Centurion I ('World of Tanks') - Lego compatible COBI 3010 - 610 brick battle tank
The Centurion, introduced in 1945, was the primary British main battle tank of the post-Second World War period. Its success led to it remaining in production into the 1960s, and seeing combat in the front lines into the 1980s. The chassis was also adapted for several other roles, and these have remained in service to this day. It became one of the most widely used tank designs, equipping armies around the world, with some modified versions still in service today (the South African National Defence Force's 'Olifant'). Its main armament is the 17- pounder (76.2mm) gun.
Manufacture began in January 1945, the first prototypes arriving in Europe in May 1945. It first entered combat with the British Army in the Korean War in 1950. It has seen action with several other armies for example during the Indo-Pakistani War of 1965 and with the Royal Australian Armoured Corps in Vietnam. In the Middle East, Israel used Centurions in the 1967 Six Day War, 1973 Yom Kippur War and during the 1978 and 1982 invasions of Lebanon and the Royal Jordanian Land Force used it at home and on the Golan Heights in the early 1970s.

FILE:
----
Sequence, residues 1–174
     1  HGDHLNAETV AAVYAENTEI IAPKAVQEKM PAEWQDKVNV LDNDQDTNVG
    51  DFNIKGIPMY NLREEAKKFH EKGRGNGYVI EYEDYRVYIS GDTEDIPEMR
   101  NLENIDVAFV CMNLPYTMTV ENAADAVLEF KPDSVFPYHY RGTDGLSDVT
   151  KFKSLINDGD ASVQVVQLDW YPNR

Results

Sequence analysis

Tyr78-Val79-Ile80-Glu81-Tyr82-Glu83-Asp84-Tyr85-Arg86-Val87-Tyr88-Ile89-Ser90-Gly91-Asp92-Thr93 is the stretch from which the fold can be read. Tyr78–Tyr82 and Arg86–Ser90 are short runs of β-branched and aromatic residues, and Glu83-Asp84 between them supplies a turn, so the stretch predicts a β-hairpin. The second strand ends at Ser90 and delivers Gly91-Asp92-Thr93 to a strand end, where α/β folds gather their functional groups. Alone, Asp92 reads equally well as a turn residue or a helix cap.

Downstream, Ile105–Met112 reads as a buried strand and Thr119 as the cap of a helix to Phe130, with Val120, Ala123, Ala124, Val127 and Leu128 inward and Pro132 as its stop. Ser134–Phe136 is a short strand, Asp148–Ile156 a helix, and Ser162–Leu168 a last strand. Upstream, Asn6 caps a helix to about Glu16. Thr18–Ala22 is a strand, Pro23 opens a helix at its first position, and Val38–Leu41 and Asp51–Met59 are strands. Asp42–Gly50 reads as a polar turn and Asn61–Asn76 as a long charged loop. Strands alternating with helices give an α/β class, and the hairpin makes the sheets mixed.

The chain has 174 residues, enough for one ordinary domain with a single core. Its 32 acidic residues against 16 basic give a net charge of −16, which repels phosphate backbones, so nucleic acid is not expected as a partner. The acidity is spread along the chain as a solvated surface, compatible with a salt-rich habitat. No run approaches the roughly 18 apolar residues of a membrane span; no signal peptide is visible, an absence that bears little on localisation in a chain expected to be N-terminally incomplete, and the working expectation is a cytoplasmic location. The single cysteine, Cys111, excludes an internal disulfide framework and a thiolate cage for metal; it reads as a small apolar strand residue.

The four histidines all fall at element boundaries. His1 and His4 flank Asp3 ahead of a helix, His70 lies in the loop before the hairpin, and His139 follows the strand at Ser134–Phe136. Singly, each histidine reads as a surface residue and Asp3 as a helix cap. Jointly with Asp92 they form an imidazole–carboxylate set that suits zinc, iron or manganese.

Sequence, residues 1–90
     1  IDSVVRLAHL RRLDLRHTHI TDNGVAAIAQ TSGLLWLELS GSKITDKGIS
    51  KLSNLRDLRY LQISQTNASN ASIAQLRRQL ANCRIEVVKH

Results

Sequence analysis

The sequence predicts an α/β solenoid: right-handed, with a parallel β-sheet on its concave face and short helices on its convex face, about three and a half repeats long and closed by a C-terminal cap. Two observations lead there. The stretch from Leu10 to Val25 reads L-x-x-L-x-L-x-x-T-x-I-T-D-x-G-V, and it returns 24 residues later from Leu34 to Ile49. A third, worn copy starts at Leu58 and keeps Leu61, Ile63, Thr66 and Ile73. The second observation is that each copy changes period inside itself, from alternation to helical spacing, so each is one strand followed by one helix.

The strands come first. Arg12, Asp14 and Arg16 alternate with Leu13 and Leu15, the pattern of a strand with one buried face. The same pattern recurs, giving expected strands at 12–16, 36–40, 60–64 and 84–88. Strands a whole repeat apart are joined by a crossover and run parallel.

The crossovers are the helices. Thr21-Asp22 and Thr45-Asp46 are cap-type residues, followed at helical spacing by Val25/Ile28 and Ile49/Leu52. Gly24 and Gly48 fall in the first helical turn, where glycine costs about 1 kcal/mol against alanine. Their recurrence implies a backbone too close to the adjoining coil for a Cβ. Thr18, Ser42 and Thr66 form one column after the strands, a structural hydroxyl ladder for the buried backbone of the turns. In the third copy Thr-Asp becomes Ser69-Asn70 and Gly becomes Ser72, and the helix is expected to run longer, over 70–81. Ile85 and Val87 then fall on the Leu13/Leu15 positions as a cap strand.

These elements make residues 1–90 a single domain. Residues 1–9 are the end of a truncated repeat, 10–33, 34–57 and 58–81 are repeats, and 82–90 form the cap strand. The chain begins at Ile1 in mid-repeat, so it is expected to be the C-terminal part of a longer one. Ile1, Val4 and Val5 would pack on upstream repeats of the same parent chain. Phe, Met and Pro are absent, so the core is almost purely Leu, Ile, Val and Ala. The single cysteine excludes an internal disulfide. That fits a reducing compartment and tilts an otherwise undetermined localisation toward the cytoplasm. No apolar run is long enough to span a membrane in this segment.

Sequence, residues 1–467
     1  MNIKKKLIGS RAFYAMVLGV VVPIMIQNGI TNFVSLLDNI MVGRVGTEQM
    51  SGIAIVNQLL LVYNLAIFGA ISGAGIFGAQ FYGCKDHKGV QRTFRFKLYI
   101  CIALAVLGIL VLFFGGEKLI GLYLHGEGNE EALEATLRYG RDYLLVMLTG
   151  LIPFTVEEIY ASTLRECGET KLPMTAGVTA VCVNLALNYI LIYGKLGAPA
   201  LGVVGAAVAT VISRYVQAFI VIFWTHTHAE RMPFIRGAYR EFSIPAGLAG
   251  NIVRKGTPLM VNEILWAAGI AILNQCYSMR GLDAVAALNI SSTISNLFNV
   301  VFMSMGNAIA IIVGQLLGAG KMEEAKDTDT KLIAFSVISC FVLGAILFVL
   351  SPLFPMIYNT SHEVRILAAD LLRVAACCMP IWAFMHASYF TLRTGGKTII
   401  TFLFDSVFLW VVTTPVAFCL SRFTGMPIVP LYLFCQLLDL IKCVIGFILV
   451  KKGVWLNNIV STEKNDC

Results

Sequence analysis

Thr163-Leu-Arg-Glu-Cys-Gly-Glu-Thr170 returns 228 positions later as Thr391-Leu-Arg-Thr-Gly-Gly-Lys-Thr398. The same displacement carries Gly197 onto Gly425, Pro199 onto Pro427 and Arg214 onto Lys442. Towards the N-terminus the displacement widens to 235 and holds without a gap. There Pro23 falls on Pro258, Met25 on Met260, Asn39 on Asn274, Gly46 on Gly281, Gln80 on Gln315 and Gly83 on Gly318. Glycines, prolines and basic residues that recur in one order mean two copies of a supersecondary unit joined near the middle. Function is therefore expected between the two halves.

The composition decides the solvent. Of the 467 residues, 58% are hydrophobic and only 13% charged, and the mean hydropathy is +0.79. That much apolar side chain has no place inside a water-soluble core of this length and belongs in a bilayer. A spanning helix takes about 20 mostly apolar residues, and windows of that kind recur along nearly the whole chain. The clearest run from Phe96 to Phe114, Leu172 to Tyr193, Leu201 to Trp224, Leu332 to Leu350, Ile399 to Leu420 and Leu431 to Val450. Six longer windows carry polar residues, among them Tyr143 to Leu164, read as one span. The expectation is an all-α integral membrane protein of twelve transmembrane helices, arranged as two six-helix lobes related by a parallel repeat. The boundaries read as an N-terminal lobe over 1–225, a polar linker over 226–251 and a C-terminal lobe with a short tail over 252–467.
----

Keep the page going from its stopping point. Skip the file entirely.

Between 1946 and 1962, 4,423 Centurions were produced. It was replaced as the British Army's main battle tank by the Chieftain.
In the game ‘World of Tanks’ it is medium tank on the eighth level.
The block model has a rotating turret, a cannon that moves up and down and two trapdoors that open and close. Apart from a figure of a tank driver, the set includes accessories such as binoculars, a rucksack and a machine gun. It is the biggest tank in the World of Tanks collection.
- 610 bricks
- 1 figure: British tank driver
- Block replica of weapon: Bren light machine gun
- A sheet of stickers with emblems and inscriptions in English
- Easy to follow instruction manual
- Two game codes (for new and regular players)
- Compatible with LEGO and other leading brands of construction blocks
- Model dimensions: 295mm x 135mm x 120mm (length x width x height)